MIT designs timber prototype to highlight sustainable construction

A class from the Massachusetts Institute of Technology (MIT) has created prototype wooden building, aiming to demonstrate the need for sustainable construction.

Called "The Longhouse," the project features beams made from layers of wood veneers laminated together, a process known as laminated veneer lumber, made into panels 15m long, 3m wide, and 15cm thick.

Triangular arches support the structure, creating an enclosed space without the need for additional load bearing columns.

If the building technique was adopted on a larger scale, arches would be factory-built in sections, then bolted together on site. 

The project’s pleated roof allows easy solar panel installation.

John Klein, MIT architecture department research scientist, said the project could lend itself to numerous functions, including: "Co-working, exercise classes, social mixers, exhibitions, dinner gatherings and lectures."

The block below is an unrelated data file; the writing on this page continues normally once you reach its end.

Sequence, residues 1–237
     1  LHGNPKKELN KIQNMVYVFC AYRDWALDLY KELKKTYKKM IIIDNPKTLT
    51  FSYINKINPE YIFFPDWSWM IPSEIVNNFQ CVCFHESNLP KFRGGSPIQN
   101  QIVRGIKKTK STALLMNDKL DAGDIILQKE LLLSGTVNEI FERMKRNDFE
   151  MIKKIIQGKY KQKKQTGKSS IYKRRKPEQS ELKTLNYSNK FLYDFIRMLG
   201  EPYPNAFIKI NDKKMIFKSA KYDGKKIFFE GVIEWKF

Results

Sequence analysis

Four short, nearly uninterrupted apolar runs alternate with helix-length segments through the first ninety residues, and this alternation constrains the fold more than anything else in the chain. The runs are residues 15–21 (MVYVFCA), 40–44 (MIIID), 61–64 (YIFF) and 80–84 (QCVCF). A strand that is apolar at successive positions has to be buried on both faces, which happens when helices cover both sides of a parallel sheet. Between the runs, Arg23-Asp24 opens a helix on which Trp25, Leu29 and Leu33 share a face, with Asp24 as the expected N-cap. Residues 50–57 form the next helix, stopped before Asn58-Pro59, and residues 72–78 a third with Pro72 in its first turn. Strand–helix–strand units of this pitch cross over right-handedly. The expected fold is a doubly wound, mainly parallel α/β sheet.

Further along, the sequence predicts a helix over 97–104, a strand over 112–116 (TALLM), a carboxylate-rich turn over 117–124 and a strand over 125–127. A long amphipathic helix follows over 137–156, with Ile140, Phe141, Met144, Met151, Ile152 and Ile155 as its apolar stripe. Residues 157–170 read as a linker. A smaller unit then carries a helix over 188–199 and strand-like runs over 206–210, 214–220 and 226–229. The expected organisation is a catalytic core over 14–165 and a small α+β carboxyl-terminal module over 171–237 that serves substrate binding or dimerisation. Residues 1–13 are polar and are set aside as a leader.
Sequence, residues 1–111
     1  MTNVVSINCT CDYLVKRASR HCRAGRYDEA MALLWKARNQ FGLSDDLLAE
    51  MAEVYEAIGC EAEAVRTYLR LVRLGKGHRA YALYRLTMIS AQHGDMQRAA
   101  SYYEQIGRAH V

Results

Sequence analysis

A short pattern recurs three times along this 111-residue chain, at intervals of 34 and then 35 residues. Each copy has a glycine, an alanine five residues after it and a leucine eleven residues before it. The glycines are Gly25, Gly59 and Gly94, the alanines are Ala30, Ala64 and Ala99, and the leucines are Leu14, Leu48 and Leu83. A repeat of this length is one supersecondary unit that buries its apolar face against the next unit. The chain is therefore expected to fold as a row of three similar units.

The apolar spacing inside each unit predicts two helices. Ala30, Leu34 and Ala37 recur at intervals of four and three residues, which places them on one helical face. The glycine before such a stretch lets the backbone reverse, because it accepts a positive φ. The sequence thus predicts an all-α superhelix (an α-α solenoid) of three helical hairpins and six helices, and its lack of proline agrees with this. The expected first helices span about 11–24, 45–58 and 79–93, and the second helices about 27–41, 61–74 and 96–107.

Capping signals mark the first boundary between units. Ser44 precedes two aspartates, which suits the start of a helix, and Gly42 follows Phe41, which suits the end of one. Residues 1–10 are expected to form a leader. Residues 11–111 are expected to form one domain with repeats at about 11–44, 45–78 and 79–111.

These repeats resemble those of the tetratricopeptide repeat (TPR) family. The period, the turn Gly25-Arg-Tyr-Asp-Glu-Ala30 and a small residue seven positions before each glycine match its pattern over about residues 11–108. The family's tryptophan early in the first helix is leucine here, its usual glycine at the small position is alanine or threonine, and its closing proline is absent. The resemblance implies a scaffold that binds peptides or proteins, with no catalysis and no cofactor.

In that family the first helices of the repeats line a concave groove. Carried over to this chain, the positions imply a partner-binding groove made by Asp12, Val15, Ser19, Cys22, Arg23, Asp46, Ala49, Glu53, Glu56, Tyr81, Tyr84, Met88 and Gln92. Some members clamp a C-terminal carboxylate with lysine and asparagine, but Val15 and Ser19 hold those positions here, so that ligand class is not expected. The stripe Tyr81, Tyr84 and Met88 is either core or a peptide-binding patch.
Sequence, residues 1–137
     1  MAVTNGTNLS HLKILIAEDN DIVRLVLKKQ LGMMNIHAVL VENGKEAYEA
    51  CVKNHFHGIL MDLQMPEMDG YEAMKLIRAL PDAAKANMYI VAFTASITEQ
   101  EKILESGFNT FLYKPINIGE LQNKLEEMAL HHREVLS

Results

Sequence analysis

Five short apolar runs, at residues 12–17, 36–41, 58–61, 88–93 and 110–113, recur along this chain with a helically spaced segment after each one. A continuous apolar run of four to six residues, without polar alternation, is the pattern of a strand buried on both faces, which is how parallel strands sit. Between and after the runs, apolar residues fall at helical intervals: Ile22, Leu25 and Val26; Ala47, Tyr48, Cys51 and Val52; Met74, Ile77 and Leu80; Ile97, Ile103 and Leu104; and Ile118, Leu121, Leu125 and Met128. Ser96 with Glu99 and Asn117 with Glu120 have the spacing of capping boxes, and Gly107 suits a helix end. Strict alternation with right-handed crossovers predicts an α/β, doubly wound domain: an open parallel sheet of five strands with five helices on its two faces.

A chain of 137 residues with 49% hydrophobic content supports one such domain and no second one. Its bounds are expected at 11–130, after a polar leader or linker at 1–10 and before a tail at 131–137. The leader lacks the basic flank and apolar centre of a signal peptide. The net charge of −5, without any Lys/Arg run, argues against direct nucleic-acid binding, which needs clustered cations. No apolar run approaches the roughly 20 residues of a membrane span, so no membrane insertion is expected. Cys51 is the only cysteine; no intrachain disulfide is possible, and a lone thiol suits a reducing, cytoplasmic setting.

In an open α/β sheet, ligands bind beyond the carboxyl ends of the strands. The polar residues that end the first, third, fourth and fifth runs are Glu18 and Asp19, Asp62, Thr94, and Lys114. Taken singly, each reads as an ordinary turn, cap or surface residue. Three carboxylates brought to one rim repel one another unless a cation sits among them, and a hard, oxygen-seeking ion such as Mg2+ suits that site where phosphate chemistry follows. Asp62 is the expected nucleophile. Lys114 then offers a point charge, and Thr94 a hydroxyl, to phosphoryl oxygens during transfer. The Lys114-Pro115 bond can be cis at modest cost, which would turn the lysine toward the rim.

At present, U.S. building codes limit the height of wooden buildings to five storeys for residential projects and six storeys for commercial buildings.

Klein continues: "In North America, we have an abundance of forest resources, and a lot of it is overgrown.

"There’s an effort to find ways to use forest products sustainably, and the forests are actively undergoing thinning processes to prevent forest fires and beetle infestations."

As opposed to the greenhouse gasses emitted during concrete generation, the use of timber removes carbon from the air, due to the natural health benefits while the trees are growing.

A cross-disciplinary team at MIT worked with UK headquartered BuroHappold Engineering and New York creative firm Nova Concepts.

The Longhouse will be presented this October at the Maine Mass Timber Conference.

Images courtesy of MIT Mass Timber Design

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